May 28- 29  B-29s returned to the Kuwonga Dam, scoring five direct hits with 2,000-pound bombs. The North Koreans have drained the dam of its water, exhausting the supply of water for irrigation.

May 28  In Korea, Communists forces launch raids against UN forces.

Jun 5  Greenland is no longer a colony. Denmark's new constitution declares that Greenland is an integral part of the Kingdom of Denmark.

Jun 8  An agreement to the Korean War's POW problem is reached. Those prisoners who refuse to return to their Communist countries are allowed to live under a neutral supervising commission for three months. If they still refuse repatriation they will be released.

Jun 13  In Hungary, Prime Minister Matyas Rákosi, a hardline Stalinist, is replaced by Imre Nagy, a more liberal Communist.

June 13-18  B-29s and Marine F4U Corsair fighter-bombers strike irrigation dams at Toksan and Kusong in North Korea.

Jun 16  The Soviet Union and Yugoslavia renew diplomatic relations.

Jun 17  Beria's plans to liberalize East Germany backfire. In East Germany strikes and demonstrations erupt.

June 19  In the US Julius and Ethel Rosenberg are executed. They have been accused of conspiring to commit espionage and passing nuclear weapons secrets to Russian agents.

June 26  In the Soviet Union, Nikita Khrushchev and other top ranking party members move against Beria's power. Khrushchev accuses Beria of being in the pay of British intelligence. Malenkov has little power and abandons Beria. The army asserts its authority over Beria's police and Beria is killed.

July 4  Strikes and riots erupt in coal mining regions in Poland.

July 10  In the speech by a Secretary of the Central Committee of the Communist Party, Nikolay Shatalin, charges of sexual assault and deviance are made against the late Lavrenty Beria. Pravda announces that Beria has been deposed as a head of the Soviet police, the NKVD.

July 21  The Soviet Union and Israel resume normal diplomatic relations.

Jul 26  Fidel Castro, 26, and his brother, Raul, 22, with more than 100 others attack the second largest military garrison in Cuba. Sixty-one of the rebels die and the others are captured.

Jul 27  The United Nations, China and North Korea sign an armistice agreement. South Korea refuses to sign it. South Korea's President Syngman Rhee opposes a settlement that leaves Korea divided. North Korea and South Korea remain technically at war into the twenty-first century.

Aug 8  Premier Malenkov's announces that the Soviet Union has mastered production of a hydrogen bomb. The news is received in the United States and Britain with some skepticism.

Aug 12  The Soviet Union successfully tests a hydrogen bomb fusion device, using what is called the Sloika design, created largely by a patriotic nuclear scientist, Andrei Sakharov, who in decades to come is to be the Soviet Union's leading dissident.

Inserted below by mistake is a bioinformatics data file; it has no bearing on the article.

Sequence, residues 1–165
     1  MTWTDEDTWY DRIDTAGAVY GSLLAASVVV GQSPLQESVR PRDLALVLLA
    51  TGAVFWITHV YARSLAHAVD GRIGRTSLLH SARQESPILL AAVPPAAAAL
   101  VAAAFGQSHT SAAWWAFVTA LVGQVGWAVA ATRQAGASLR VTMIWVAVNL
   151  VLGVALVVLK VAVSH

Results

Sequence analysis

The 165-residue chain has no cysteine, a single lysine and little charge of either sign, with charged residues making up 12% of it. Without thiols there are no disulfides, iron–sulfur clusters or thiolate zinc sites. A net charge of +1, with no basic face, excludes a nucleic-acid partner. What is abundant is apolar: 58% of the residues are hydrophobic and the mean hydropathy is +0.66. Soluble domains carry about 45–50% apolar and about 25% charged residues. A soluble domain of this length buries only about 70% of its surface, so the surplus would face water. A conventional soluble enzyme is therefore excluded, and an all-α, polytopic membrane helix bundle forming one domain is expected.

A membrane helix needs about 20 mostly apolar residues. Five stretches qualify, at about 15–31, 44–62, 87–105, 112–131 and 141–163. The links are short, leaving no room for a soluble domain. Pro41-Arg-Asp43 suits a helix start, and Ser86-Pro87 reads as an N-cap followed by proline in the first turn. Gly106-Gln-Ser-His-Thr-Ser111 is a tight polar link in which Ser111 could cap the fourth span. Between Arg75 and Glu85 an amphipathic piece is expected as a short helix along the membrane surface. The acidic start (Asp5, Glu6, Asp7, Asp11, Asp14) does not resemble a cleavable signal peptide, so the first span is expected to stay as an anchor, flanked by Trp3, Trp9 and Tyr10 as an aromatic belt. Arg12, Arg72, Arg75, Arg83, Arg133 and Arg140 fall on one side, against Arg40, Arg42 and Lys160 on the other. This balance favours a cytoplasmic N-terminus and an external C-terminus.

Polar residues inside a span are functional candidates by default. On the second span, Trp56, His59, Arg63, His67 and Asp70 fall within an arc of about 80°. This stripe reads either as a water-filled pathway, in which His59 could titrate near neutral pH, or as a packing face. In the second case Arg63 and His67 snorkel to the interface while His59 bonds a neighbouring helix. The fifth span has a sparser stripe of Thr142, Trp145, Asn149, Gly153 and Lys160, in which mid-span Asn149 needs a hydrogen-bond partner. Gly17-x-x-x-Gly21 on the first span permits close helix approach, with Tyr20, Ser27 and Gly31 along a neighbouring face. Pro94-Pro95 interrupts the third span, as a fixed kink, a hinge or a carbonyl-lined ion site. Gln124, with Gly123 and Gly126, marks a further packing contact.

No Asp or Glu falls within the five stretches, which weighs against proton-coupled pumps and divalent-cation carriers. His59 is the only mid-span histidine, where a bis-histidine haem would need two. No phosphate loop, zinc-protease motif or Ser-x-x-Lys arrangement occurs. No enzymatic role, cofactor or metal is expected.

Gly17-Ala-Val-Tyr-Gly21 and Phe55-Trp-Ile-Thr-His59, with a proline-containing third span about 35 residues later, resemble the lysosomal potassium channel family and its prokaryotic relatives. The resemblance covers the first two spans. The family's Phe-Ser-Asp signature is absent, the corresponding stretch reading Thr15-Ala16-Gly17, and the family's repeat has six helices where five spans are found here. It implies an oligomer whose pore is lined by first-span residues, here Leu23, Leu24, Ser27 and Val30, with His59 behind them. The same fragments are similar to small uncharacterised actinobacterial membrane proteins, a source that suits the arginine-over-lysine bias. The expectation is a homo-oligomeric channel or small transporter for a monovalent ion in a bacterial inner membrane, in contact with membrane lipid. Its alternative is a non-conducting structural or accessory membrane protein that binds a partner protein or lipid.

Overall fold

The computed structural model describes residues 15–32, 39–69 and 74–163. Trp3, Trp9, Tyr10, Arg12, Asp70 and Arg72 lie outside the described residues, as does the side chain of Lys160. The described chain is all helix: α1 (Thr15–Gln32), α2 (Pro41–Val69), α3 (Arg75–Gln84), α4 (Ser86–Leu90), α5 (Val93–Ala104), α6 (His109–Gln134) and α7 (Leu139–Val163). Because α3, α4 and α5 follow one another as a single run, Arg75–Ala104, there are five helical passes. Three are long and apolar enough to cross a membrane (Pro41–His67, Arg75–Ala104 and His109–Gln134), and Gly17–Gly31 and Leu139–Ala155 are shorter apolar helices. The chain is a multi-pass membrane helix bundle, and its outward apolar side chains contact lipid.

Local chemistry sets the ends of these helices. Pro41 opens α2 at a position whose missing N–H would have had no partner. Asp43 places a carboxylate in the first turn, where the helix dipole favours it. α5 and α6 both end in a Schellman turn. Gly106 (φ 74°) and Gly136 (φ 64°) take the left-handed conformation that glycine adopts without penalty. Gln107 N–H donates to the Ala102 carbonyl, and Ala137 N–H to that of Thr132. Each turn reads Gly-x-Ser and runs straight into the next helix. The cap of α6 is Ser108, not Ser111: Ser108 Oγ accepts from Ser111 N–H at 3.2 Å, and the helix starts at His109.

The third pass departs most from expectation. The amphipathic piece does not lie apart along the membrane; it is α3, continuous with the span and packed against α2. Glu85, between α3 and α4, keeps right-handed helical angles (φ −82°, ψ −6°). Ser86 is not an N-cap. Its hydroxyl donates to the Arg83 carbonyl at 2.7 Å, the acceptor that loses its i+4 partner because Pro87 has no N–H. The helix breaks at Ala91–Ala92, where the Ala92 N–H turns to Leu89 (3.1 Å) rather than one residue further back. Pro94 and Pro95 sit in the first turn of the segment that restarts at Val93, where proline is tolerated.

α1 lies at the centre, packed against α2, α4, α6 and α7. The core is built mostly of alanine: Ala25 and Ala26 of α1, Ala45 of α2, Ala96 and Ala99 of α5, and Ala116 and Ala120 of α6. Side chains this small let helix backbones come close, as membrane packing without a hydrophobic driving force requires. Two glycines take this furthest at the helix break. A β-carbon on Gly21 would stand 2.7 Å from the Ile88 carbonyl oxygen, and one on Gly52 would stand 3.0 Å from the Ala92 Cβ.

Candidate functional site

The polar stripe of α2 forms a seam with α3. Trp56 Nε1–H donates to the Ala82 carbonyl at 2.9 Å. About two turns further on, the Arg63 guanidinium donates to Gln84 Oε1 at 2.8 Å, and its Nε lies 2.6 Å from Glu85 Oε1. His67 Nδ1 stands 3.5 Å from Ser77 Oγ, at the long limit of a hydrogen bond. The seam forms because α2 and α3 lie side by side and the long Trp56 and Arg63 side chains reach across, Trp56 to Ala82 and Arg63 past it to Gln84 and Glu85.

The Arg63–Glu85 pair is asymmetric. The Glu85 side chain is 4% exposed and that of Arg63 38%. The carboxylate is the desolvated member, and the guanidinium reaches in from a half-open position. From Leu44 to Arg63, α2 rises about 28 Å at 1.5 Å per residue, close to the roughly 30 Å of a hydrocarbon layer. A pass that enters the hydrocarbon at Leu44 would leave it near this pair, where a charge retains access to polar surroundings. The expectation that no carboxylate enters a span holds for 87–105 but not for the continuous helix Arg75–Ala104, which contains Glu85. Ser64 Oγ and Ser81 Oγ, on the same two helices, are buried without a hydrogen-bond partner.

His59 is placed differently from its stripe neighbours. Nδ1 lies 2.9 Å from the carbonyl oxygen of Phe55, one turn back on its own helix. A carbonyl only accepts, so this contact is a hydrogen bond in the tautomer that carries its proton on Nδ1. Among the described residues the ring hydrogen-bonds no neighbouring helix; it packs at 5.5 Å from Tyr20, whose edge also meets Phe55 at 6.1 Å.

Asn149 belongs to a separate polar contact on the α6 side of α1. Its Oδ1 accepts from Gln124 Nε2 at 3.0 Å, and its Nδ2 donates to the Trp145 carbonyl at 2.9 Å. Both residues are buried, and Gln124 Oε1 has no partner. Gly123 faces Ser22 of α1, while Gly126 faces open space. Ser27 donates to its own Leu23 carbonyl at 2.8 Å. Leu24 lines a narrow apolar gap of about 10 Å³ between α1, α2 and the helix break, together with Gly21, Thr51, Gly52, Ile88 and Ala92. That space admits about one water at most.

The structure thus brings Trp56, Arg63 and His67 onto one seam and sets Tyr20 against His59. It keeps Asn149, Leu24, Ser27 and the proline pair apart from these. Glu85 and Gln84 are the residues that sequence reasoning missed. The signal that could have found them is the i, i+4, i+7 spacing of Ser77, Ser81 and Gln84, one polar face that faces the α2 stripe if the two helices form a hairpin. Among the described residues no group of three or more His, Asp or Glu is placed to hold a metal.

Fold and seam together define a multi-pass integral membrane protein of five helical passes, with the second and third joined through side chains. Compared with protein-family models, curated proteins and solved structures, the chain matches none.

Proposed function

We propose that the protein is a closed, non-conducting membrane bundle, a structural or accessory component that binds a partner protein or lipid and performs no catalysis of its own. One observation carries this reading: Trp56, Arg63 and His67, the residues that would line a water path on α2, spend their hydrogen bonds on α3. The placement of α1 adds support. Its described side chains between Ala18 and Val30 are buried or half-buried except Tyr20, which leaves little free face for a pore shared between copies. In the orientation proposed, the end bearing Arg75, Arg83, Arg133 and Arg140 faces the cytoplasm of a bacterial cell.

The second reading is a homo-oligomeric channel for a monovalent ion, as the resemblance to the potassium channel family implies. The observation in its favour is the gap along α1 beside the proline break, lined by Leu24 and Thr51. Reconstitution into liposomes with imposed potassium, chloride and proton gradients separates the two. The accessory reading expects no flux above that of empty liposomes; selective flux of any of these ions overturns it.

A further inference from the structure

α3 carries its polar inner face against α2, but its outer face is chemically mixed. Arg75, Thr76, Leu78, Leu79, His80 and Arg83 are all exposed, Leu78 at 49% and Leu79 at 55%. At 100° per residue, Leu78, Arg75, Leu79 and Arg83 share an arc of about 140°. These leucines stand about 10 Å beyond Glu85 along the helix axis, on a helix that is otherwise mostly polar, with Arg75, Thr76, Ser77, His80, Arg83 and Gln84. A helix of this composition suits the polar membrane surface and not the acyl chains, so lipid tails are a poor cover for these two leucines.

Aug 19  A force that has the support of CIA and British intelligence operatives pushes through Teheran with tanks and soldiers, against newspapers aligned with the popular prime minister, Mossadegh, and other targets, including Mossadegh's residence. At a radio station, General Fazlollah Zahedi announces that he, with the blessing of Muhammad Reza Pahlavi, is prime minister and that his force controls the city. About 200 people are killed.

Aug 20  French government exiles the sultan of Morocco to Corsica.

Sep 2  A letter from Eisenhower promises aid to the government of Iran.

Sep 7  In the Soviet Union, a Communist Party Central Committee Plenum elects Nikita Khrushchev First Secretary.

Sep 9  Mossadegh is in prison charged with rebellion against the throne, a crime punishable by death. He begins a  hunger strike and demands the right to consult a lawyer on the preparation of his will.

Sept 19  Yours truly discovers that after days of complete quiet in a cabin in the woods away from the hum of the city, a remarkable calm enters the body that is not at all chemically, spiritually or philosophically induced.

Sep 22  In Iran, the newspaper Kayhan reports that 100 have been arrested on charges of being Communist Party members and partisans of Mossadegh.

Sep 25  The first German prisoners of war return from Soviet Union to West Germany.

Oct 22  France grants independence to Laos in all but foreign affairs, recognizing the rule of King Sisavang Vong, a lifelong supporter of French rule. The "Red Prince" Souphanouvong, in alliance with Vietnam's Communist government, rules in northern Laos.

Nov 9  With the French fighting in Vietnam, Cambodia is able to move from independence within the French Union, granted in 1949, to full independence.

Nov 11  In the US, scientists indentify and photograph the polio virus for the first time.

Nov 29  French paratroopers take Dien Bien Phu, a point in Vietnam that blocks a main invasion route to Laos.

Dec 23  The Soviet Union announces that Lavrenty Beria has been executed.

Dec 30  In the United States the first color television sets go on sale, for around $1,175.

to 1952 | to 1954